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Zoe Chao, Steve Borrelli, Bikalpa Neupane and Joseph Fennewald
The purpose of this paper is to triangulate qualitative and quantitative data with existing data to inform on the function and user experience of a newly created the “News…
The purpose of this paper is to triangulate qualitative and quantitative data with existing data to inform on the function and user experience of a newly created the “News Library,” and, further, to inform on the viability of “bring your own device spaces” (BYOD) in meeting the computing needs of Penn State University Park students through a multi-dimensional study.
This study leverages several methodologies for data collection, including observation, survey, flip chart prompts, interviews and focus groups.
Findings suggest that the News Library accommodates users’ social needs. However, it does not accommodate their communal needs well. The majority of students at the Penn State University Park campus, own laptops and bring them to the library when they intend to study. Personal device usage is preferable to library-provided computers per a familiarity with their personal device, access to personal files and independence of workspace.
As this is a case study, the findings are not generalizable. This study was conducted in one library, on one campus at a 24-campus institution with over 30 libraries.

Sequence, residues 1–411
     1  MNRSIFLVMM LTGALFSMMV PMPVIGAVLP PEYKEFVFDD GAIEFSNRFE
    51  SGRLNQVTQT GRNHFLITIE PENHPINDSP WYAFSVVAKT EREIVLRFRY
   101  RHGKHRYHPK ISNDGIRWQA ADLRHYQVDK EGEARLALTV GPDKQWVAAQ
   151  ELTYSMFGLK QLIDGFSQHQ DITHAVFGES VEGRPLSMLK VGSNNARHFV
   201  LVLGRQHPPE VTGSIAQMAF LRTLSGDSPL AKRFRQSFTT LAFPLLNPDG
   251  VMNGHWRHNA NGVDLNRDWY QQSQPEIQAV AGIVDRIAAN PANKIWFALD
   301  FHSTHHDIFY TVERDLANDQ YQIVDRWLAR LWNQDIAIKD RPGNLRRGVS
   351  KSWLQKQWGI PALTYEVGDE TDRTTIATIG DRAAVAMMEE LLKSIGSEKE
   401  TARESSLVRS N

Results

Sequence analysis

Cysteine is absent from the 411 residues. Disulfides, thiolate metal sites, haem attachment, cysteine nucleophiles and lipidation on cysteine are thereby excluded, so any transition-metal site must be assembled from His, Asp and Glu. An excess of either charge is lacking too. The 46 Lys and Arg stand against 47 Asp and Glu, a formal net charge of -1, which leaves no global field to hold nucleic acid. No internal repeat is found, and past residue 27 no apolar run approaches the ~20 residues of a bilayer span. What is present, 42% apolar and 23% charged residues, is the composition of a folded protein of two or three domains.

The mixed-methods study provides multiple views into user behaviors and expectations. The authors propose guidelines for informing the design of BYOD spaces.
Lynette Yarger, Fay Cobb Payton and Bikalpa Neupane
The purpose of this paper is to offer a critical analysis of talent acquisition software and its potential for fostering equity in the hiring process for underrepresented…
The purpose of this paper is to offer a critical analysis of talent acquisition software and its potential for fostering equity in the hiring process for underrepresented IT professionals. The under-representation of women, African-American and Latinx professionals in the IT workforce is a longstanding issue that contributes to and is impacted by algorithmic bias.
Sources of algorithmic bias in talent acquisition software are presented. Feminist design thinking is presented as a theoretical lens for mitigating algorithmic bias.
Data are just one tool for recruiters to use; human expertise is still necessary. Even well-intentioned algorithms are not neutral and should be audited for morally and legally unacceptable decisions. Feminist design thinking provides a theoretical framework for considering equity in the hiring decisions made by talent acquisition systems and their users.
This research implies that algorithms may serve to codify deep-seated biases, making IT work environments just as homogeneous as they are currently. If bias exists in talent acquisition software, the potential for propagating inequity and harm is far more significant and widespread due to the homogeneity of the specialists creating artificial intelligence (AI) systems.
This work uses equity as a central concept for considering algorithmic bias in talent acquisition. Feminist design thinking provides a framework for fostering a richer understanding of what fairness means and evaluating how AI software might impact marginalized populations.
Jo Bates, Paul Clough, Robert Jäschke, Jahna Otterbacher and Kris Unsworth